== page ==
Roger J Kerr says the interest rate outlook has become cloudier

Roger J Kerr says the interest rate outlook has become cloudier

By Roger J Kerr

Any forecast or outlook for the direction of New Zealand interest rates needs to take into account the two entirely separate and independent interest rate markets that drive the overall shape/slope of the interest rate yield curve.

Inflation trends and RBNZ responses with the OCR determine our short-term interest rates out to three years forward.

However, beyond three years the movements in interest rates do not have much to do with New Zealand and our economy/finances; the three to 10 year swap interest rates are all driven by US Treasury Bond yield movements.

Currently US 10-year Treasury Bonds are moving up as US economic data prints stronger and the Federal Reserve have stuck to their guns about increasing their short-term interest rates.

It would not be too aggressive to forecast US long-term interest rates increasing another 1.00% over the next 12 months and our three to 10 year yields correspondingly increasing by a similar amount.

The direction of our short-term interest rates is not as clear-cut in my view.

The arguments for and against significant increases in 2018 are summarised as follows:-

Scenario 1: Winston is right and we witness a significant economic slowdown

A weaker economic growth path and outlook will be reflected in consumer and business confidence levels falling away.

If this happen, business firms will be less able to pass through any cost increases with wages, currency and fuel into their selling prices i.e. inflation does not increase.

House price trends also come into the equation; a major correction downwards in house prices means that it is much less likely the RBNZ will increase interest rates that would squeeze property owners even more.

Scenario 2: Status-quo for economic growth and inflation increases

Should economic growth maintain its current pace, the probability of the RBNZ being forced to change their benign inflation outlook increases.

Current RBNZ inflation forecasts are based off a 77.50 TWI exchange rate, today it is 5.5% lower at 73.13.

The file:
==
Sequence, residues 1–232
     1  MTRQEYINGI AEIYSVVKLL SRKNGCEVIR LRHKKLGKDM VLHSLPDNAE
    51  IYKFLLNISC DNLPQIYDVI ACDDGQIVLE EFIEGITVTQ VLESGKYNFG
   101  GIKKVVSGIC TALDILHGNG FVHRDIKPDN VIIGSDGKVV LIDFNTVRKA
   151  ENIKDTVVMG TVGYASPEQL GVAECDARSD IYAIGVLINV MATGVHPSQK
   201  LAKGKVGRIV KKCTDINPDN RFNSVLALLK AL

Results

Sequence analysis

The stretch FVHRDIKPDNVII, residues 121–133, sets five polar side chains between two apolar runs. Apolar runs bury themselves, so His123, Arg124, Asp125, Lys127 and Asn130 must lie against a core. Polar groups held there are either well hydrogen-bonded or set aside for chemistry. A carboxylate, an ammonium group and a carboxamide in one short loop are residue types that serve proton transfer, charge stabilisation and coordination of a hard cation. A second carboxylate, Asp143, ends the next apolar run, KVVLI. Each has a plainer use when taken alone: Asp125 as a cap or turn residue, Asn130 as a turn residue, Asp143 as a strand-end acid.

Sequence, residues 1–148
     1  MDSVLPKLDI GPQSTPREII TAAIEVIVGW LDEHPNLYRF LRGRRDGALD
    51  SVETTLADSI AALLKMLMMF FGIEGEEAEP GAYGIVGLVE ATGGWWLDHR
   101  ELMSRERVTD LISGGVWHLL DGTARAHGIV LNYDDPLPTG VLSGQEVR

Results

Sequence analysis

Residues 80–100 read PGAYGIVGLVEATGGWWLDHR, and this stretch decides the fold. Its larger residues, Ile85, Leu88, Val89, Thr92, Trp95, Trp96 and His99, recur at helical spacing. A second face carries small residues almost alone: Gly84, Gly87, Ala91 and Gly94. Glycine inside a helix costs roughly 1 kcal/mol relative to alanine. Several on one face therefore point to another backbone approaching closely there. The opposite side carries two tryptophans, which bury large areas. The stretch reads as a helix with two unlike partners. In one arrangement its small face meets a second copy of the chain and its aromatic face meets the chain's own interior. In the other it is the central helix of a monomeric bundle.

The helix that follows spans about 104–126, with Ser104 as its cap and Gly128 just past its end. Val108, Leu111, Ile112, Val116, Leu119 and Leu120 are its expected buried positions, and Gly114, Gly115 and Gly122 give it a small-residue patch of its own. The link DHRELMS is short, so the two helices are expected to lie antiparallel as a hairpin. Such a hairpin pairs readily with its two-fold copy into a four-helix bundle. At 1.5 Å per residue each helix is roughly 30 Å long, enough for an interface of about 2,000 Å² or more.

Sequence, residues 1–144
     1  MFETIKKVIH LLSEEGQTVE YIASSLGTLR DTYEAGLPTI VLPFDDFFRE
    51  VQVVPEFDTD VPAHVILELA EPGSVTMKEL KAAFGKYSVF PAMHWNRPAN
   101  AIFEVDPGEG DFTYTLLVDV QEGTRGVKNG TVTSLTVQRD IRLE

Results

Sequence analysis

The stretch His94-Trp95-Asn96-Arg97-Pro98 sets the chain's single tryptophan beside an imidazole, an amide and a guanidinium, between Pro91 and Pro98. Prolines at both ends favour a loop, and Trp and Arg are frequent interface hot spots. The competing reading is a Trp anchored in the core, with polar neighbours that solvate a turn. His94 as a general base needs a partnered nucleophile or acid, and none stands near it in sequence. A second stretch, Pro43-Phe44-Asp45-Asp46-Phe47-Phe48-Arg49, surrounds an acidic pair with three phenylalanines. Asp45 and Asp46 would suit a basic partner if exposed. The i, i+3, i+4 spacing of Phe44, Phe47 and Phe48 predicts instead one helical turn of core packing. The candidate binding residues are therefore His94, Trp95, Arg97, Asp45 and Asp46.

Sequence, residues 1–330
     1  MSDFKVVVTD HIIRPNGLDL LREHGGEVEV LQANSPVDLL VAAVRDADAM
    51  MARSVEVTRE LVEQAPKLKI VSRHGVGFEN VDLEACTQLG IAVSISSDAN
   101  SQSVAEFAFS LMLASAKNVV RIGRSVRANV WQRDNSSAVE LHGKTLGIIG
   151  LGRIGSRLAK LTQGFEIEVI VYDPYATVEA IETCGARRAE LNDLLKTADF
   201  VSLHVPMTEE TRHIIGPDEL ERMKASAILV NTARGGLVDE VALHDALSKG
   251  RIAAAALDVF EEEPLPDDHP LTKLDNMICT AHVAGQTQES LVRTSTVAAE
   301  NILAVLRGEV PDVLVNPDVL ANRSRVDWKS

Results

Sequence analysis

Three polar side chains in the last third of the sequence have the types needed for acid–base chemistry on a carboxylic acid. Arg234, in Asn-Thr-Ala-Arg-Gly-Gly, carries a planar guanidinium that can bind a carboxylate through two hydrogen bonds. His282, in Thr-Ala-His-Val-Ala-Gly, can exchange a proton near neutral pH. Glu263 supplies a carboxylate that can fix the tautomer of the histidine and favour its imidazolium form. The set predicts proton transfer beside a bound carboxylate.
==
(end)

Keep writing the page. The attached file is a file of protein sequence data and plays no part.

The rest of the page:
Tradable inflation will increase from both the currency impact and higher oil prices.

Business firms will be more confident about achieving price increases to compensate for their higher wages costs.

Construction and food prices continue to increase for their own unique supply/demand reasons.

Under this scenario the annual inflation rate will be above 2.00% through 2018, not 1.00% as the RBNZ currently forecast.

In their current mood the RBNZ will want to see actual higher inflation for a couple of quarters before changing their monetary policy stance.

However, they may well be behind the inflation eight-ball by mid-2018 adopting this approach and be forced to tighten harder.

Despite what Finance Minister Grant Robertson states about a dual RBNZ mandate with employment objectives potentially keeping interest rates lower, I doubt that any new Policy Targets Agreement with the RBNZ will change the future interest rate track.

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Roger J Kerr contracts to PwC in the treasury advisory area. He specialises in fixed interest securities and is a commentator on economics and markets. More commentary and useful information on fixed interest investing can be found at rogeradvice.com

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Currently US 10-year Treasury Bonds are moving up as US economic data prints stronger and the Federal Reserve have stuck to their guns about increasing their short-term interest rates.

Hmmmmm...

In fact, the futures market, which is what really matters, is re-enacting the same behavior as in 2014. Each of these BOND ROUTS!!! following each major “reflation” selloff occur with less and less futures market conviction.

In this latest one, the center of gravity barely shifted to net long, and it did so starting the week of September 5 – when everything else in dollars and “dollars” went nuts. That would seem to indicate a more cautious tone about the market than a significant change in stance. Read more

What do low low interest rates actually achieve?

I am in business, low rates have a zero or negative effect, rents are based on the value of the property, so low interest rates create higher rents, rather than lower.

Our company saves earnings, so our stock is funded from retained earnings, no benefit there for us.

Fixed charges such as rates, water, phone, power, insurance have increased significantly, so no benefit from that quarter either.

My kids pay more in weekly payments than when homes were lower priced and interest rates higher. I think due to those with cash (and or a willingness to take on historically high debt levels) place money into property. Despite the rhetoric, beating the low returns curve fixed interest offer.
So no benefit from that quarter.

In some industry and business low interest rates, immigration trickery, (sponsoring rorts, under payment etc) has resulted in intense eye wateringly fierce competition, compounding the low wage economy we now have. That is apart from Council - no hint of a competitive behaviour there.

Debt at 160 % plus of income should concern us all. Especially as that figure is population based and many many have no debt, meaning those that do are well over their heads in debt.

Japan has had low low rates for as long as I can recall now - fixed zero in that economy.

Interest rates are best set at market, like currency and housing prices as an example. I believe we need to normalise our economy.

That's my view.